One of the things this means is that translation becomes far more important than most people realize. If an author writes in her local or national language, her readers are only those who can read it. If an author writes in English, her prospective readers are all over the world, not only in the US, Canada, the UK, Australia, and New Zealand. Many more Japanese are able to read a novel in English than Americans are able to read a novel in Japanese. This suggests that if an ambitious author wants a wide audience, she ought to write in English even though her native language may be Hausa, Tagalog, Tswana, or Tigrinya.

Translation, however, is at best a limited answer to the challenge of literature written in languages other than English. As Mizumura points out "the works that are usually translated into English are those that are both thematically and linguistically the easiest to translate, that often only reinforce the worldview constructed by the English language, and preferably that entertain readers with just the right kind of exoticism." Readers therefore "are not condemned to know that there is thus a perpetual hermeneutic circle—that in interpreting the world, only 'truths' that can be perceived in English exist as 'truths.'"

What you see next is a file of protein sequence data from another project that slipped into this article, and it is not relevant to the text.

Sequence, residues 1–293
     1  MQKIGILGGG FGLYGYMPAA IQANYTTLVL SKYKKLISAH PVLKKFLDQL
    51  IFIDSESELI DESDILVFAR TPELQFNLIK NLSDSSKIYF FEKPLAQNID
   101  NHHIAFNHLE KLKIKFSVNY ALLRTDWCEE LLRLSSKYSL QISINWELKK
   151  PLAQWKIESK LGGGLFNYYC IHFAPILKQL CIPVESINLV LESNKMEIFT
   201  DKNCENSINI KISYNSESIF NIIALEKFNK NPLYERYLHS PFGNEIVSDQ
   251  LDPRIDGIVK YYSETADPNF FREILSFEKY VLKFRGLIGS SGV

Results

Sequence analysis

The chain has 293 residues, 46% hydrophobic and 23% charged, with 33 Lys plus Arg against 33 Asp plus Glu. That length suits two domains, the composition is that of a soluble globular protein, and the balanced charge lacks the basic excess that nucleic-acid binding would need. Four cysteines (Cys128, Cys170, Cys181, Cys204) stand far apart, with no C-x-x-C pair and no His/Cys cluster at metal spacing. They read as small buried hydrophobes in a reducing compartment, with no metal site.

And machine translating, while clearly improving almost weekly, has real problems with languages remote from English like Japanese and Chinese. In a news article or instruction manual where the meaning rests mostly on the surface, a machine version may be adequate. But in a work of literature where much of the meaning—and pleasure—is in the nuance, the implications, the way words can resonate against one another, machine translation, as I can testify from my own experience, has a long, long way to go. And—sudden thought—by the time it gets there, (which is not a sure thing), it may be useless because English has so overwhelmed all other languages that no one is bothering to write literature in her native language anyway.